The tl;dr version of this review is that this is one HUGE advertisement for Google. That’s all it is. It started off with so much potential. But after all the Google hype and navigating through all the technology, I’m not entirely sure if I got the point. If it even has a point.
The Great Recession has shuffled Clay Jannon away from life as a San Francisco web-design drone and into the aisles of Mr. Penumbra’s 24-Hour Bookstore. But after a few days on the job, Clay discovers that the store is more curious than either its name or its gnomic owner might suggest. The bookstore’s secrets extend far beyond its walls.
I’ve always wanted to work at a bookstore. I actually looked into it in the past. For a book lover, it seems like a place where I can enjoy working… and bust my paycheck as soon as getting it in my hand. In my head, I had that image of it being a magical place where I can get lost in all the wonderful books in my disposal. (Then I realized, a library fits that bill more than a bookstore.)
Clay Jannon took the bookstore job out of necessity. He was out of a job and needed one. After a few days of working at this strange bookstore operated by Mr. Penumbra, he begins to see weird stuff happening, meets strange customers. Clay is young and curious so he did some digging and accidentally cracked the mystery wide open. For years, several men and women have tried to solve it, old-school style. Clay did in in no time with the use of… yes, the Internet.
There exists a whole organization whose sole purpose is to find a secret message hidden in a certain series of books. To find a certain person, I believe. When Clay and his group of silicon valley friends start to find clues and solve them, the old people start to take notice. Sort of like, “Wow~ what is this sorcery?” kind of situation. There was a part where Mr. Penumbra himself says that technology is the way to go if they want to solve the mystery before they died. But the thing is, it’s taboo for them to use technology. Or… they just didn’t know how. Eh.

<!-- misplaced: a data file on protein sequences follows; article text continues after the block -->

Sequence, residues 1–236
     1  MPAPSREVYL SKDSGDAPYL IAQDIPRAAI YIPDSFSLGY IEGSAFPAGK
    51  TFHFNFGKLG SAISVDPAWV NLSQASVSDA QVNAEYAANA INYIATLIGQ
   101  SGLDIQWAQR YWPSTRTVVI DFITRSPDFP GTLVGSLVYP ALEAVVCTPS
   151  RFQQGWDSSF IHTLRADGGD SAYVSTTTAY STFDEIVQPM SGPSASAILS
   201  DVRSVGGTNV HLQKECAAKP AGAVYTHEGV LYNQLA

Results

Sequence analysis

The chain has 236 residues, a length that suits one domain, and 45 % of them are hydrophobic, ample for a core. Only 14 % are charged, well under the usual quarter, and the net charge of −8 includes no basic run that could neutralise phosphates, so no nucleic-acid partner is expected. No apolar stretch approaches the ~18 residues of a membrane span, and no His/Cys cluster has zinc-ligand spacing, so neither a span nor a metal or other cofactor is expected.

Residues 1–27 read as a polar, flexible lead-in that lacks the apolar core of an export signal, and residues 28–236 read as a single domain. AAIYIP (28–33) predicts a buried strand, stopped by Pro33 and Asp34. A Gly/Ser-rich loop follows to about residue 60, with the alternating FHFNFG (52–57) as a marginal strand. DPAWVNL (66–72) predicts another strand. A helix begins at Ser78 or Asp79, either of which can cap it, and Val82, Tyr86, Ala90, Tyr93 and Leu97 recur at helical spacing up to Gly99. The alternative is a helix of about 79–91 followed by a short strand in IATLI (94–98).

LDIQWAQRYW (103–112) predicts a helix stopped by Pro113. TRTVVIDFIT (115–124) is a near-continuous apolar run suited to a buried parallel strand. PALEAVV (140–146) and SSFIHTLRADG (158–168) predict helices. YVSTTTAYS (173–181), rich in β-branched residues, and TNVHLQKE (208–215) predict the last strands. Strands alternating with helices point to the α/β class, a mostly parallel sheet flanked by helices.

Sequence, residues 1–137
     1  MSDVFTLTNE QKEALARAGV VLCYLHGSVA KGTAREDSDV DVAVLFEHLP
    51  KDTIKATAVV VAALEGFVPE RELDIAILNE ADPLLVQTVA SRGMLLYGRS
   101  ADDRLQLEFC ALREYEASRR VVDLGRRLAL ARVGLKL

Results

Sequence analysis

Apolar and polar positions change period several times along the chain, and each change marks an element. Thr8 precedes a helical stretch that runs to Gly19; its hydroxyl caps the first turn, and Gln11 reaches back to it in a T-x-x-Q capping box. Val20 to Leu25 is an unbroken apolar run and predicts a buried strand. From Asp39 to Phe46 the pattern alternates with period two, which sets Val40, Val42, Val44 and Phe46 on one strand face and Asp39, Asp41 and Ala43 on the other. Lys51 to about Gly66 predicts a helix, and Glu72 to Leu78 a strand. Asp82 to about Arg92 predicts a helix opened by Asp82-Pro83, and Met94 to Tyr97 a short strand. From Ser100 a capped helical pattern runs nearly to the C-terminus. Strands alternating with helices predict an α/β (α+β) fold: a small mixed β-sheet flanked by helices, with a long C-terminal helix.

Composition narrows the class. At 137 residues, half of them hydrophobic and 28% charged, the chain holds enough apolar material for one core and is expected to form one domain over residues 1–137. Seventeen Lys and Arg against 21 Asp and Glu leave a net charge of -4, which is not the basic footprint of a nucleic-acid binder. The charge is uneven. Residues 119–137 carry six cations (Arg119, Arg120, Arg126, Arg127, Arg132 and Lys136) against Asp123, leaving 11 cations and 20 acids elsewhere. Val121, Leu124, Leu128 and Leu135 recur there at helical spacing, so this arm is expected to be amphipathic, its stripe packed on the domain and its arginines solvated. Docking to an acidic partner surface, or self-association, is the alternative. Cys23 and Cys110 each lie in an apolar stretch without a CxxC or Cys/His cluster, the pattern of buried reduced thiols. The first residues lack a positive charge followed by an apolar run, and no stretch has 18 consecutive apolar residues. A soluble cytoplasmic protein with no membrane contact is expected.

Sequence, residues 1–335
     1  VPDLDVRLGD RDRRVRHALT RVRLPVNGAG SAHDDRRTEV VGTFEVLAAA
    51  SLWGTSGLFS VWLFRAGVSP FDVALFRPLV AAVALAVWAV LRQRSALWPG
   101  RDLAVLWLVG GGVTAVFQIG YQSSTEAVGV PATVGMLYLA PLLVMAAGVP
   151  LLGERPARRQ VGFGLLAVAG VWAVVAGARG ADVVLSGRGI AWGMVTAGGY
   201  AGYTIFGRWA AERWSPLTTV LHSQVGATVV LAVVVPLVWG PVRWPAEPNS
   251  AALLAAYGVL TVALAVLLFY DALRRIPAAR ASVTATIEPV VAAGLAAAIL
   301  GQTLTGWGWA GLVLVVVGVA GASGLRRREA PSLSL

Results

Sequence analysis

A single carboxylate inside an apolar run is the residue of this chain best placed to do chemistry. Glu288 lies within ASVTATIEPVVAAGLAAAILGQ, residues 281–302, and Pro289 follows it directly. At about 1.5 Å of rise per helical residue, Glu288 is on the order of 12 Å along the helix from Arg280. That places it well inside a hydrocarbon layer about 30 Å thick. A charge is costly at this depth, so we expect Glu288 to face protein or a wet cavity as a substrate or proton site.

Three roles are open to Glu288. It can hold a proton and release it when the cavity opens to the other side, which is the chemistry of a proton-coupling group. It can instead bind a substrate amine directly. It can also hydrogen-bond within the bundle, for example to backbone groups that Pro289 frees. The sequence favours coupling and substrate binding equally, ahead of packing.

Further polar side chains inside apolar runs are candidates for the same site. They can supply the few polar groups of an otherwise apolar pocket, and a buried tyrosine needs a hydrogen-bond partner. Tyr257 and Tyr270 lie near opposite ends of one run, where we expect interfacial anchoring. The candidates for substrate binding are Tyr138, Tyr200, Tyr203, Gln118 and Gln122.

It was tough for me to get through. This book definitely was creative and imaginative. But it didn’t really go anywhere. I keep waiting for something to happen but I got to the end and… nothing. What did the author want to happen? What’s the point?
However, I did love following their mystery-solving adventures. I thought that was great and it would translate well on screen if ever they want to do that. The characters feel relatable and you can easily see them walking down the street towards you. The older people are fascinating characters; some of them remind me of Hogwarts professors.
My biggest takeaway from it is the supposed inner workings of the Google Company. From the various articles that I’ve read, Google seems like a pretty cool company to work for. Not just for the necessary benefits but also for all the perks that come with the office. I’m not sure how accurate the portrayal is in this book but it’s pretty fascinating. It is so far away from your boring 9 to 5 at your bare cubicle. Here, they even sneak into Google and what do you know, they don’t get caught. For a place written up to be state-of-the-art, they have to up their security.
Overall, this book gets points for being creative and unique. It had promise. But I’m docking points because it was all for nothing. When you finish a book, whether it be good or bad, you tend to remember stuff. Remember why it was good or why it was bad. For this one, all I could remember was just one word: Google.
Rating: 3/5. I’m glad I read it and I do recommend it. But I may need to read it again if I truly want to get the point.